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Short case...Occipital lobe cavernoma

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Short case...Occipital lobe cavernoma

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Short case...Occipital lobe cavernoma

  1. 1. Short case publication... version 1.21 | Edited by professor Yasser Metwally | May 2008 Short case Edited by Professor Yasser Metwally Professor of neurology Ain Shams university school of medicine Cairo, Egypt Visit my web site at: http://yassermetwally.com A 30 years old male patient presented clinically with a history of grand mal fits that are occasionally preceded by vivid visual hallucinations. DIAGNOSIS: INTRAMEDULLARY CAVERNOMA
  2. 2. Figure 1. Type II left occipital cavernoma. Precontrast MRI T1 images. The characteristic MR imaging appearance of cavernomas is a well-defined, lobulated lesion with a reticulated core of heterogenous signal intensity on both T1 and T2 weighted sequences resulting from thrombosis, fibrosis, calcification, and hemorrhage. Extracellular and intracellular methemoglobin and thrombosis are responsible for the high intensity signal within the lesion, while calcifications, fibrosis, and acute and subacute blood are responsible for the low signal areas. The cavernoma in the current case has the classic quot;popcornquot; appearance characteristic of type II cavernomas. Figure 2. Type II left occipital cavernoma. Precontrast MRI T1 images. The characteristic MR imaging appearance of cavernomas is a well-defined, lobulated lesion with a reticulated core of heterogenous signal intensity on both T1 and T2 weighted sequences resulting from thrombosis, fibrosis, calcification, and hemorrhage. Extracellular and intracellular methemoglobin and thrombosis are responsible for the high intensity signal within the lesion, while calcifications, fibrosis, and acute and subacute blood are responsible for the low signal areas. The cavernoma in the current case has the classic quot;popcornquot; appearance characteristic of type II cavernomas.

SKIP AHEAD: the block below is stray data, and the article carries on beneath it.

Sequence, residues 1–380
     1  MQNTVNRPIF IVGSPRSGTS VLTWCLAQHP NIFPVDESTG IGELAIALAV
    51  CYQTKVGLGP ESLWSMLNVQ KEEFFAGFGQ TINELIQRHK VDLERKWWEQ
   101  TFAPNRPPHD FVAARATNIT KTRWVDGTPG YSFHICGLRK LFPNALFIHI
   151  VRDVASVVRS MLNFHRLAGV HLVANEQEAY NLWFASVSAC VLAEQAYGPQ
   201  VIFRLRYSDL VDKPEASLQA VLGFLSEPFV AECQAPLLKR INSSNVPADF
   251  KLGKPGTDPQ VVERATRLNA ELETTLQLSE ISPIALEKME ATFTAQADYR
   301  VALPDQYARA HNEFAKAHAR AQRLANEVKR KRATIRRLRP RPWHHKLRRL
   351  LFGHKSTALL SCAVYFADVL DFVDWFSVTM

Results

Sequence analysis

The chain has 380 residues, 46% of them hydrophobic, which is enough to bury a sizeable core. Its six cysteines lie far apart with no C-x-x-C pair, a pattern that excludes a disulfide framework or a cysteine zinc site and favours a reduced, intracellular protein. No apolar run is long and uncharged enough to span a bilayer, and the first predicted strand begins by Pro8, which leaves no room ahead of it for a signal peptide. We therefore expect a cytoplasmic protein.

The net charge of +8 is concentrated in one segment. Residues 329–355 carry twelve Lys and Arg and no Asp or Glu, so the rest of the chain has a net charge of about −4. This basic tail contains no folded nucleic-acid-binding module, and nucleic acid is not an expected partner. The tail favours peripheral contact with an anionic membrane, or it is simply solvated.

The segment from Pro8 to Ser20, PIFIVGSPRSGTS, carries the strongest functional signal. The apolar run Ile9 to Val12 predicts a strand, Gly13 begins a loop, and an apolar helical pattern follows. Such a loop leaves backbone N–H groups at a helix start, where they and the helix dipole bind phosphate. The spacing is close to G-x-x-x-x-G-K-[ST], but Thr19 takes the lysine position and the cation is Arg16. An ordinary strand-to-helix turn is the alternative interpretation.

3. 3. Figure 3. Type II left occipital cavernoma. Precontrast MRI T1 images. The characteristic MR imaging appearance of cavernomas is a well-defined, lobulated lesion with a reticulated core of heterogenous signal intensity on both T1 and T2 weighted sequences resulting from thrombosis, fibrosis, calcification, and hemorrhage. Extracellular and intracellular methemoglobin and thrombosis are responsible for the high intensity signal within the lesion, while calcifications, fibrosis, and acute and subacute blood are responsible for the low signal areas. The cavernoma in the current case has the classic quot;popcornquot; appearance characteristic of type II cavernomas. Conclusion MRI picture of occipital cavernoma. The MRI mixed signal intensity of the precontrast MRI T1 images and the MRI T2 images is due to the presence of altered blood of different ages. The MRI T1 precontrast hyperintensity is due to methemoglobin The MRI T2 hypointensity is due to hemosiderin pigments. Addendum A new version of short case is uploaded in my web site every week (every Saturday and remains available till Friday.) To download the current version follow the link quot;http://pdf.yassermetwally.com/short.pdfquot;. You can download the long case version of this short case during the same week from: http://pdf.yassermetwally.com/case.pdf or visit web site: http://pdf.yassermetwally.com To download the software version of the publication (crow.exe) follow the link: http://neurology.yassermetwally.com/crow.zip At the end of each year, all the publications are compiled on a single CD-ROM, please contact the author to know more details. Screen resolution is better set at 1024*768 pixel screen area for optimum display For an archive of the previously reported cases go to www.yassermetwally.net, then under pages in the right panel, scroll down and click on the text entry quot;downloadable short cases in PDF formatquot; References 1. Metwally, MYM: Textbook of neurimaging, A CD-ROM publication, (Metwally, MYM editor) WEB-CD agency for electronic publishing, version 9.1a January 2008

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